Blade

Tall Timber Tales

Anonymous. "Tall Timber Tales."
Lumberjack Bulletin, Weekly Industrial Worker Supplement [Seattle, Washington] 13 April 1918: 1.

I.W.W. Lumber Jack

Tall Timber Tales

Being the true account of the ramblings and reminiscences of Lumberjack Joe, side-kicker with Paul Bunyan, and custodian of the old blue ox.

Lumberjack Joe, lithe as a panther, swung his six feet of solid manhood into a Puget Sound lumber camp and abruptly halting his brisk stride, surveyed with a smile of amusement the sad looking job the tenderfoot logger was making in his frantic efforts to fall a tree.

"Which way is she coming down, son?" he inquired gently, with just a hint of sarcasm in his voice.

"How should I know?" wearily answered the perspiring youth. "I'm a logger, not a prophet!"

"Yes!" said the tall stranger with a rising inflection, "and where's the rest of the crew?"

"If you mean those damned wobblies, they're headed toward camp. They've all got split-second watches and they quit for the morning just four hours from the time they left the cook house. They're not loyal to the boss like I am!" replied the chekako as he spit on his blistered hands and prepared to resume his labors.

"Excuse me," said Lumberjack Joe politely, "but are the beaver plentiful around this camp?"

"There ain't no beaver in this section at all. What made you ask?"

"Oh, nothin' much, but I see a lot of trees that look like beaver had been chewin' on them and I thought maybe this camp was run something like Paul Bunyan and me used to log on the Mississippi."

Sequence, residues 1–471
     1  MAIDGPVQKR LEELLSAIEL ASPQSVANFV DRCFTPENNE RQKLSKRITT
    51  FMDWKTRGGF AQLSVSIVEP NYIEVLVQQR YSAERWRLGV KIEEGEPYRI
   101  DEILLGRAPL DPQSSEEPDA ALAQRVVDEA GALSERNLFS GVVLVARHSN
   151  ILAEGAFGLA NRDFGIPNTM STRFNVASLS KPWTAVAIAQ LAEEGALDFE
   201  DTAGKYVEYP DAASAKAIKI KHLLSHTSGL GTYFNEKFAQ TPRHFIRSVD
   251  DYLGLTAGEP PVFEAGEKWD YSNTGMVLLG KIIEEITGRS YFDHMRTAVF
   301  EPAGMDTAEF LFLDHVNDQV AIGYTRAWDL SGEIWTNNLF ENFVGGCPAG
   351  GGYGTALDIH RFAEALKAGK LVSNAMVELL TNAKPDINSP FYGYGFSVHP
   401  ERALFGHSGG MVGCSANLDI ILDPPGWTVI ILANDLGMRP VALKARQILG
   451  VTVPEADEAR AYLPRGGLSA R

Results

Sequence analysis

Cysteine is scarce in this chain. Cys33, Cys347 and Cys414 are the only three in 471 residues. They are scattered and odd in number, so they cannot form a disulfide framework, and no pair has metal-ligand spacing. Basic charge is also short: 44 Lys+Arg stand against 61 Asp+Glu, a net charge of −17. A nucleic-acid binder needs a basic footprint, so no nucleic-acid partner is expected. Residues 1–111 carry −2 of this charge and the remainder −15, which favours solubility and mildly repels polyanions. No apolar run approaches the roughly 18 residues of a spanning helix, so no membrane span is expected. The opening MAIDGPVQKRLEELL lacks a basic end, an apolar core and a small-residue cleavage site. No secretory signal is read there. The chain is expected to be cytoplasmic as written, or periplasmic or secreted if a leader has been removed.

"The last bunch of Sears-Roebuck loggers left the trees that way when they resigned their positions," said the tenderfoot. "But how was it that you and this Bunyan fellow logged on the Mississippi?"

"Paul and me trained a bunch of beaver to size up the timber and to chaw the trees so they'd fall right. We had 500 beaver working and we logged her clean. It kept a fair sized crew of men busy loading logs for the old blue ox. But even that was too slow for Paul and me so we taught the beaver to chaw part way thru one side of a tree and we worked them steady up till noon every day. Then the beaver knocked off logging at the same time that the crew quit fishing."

"How did that do logging faster, and why did the crew go fishing?" asked the alleged logger in amazement.

"Well, you see," said Paul Bunyan's side-kicker, "them beaver was fed on fried cat fish and when dinner time came the cook went to the door and blowed the dinner horn so loud that all the notched trees came down. Then after dinner the men loaded logs for the old blue ox to haul down to the river, and the beaver spent the afternoon catching fish for the men's supper. That was me and Paul Bunyan's ideas of e-fish-ency!" chuckled Lumberjack Joe as he strode away in search of the cook house and the red card crew.

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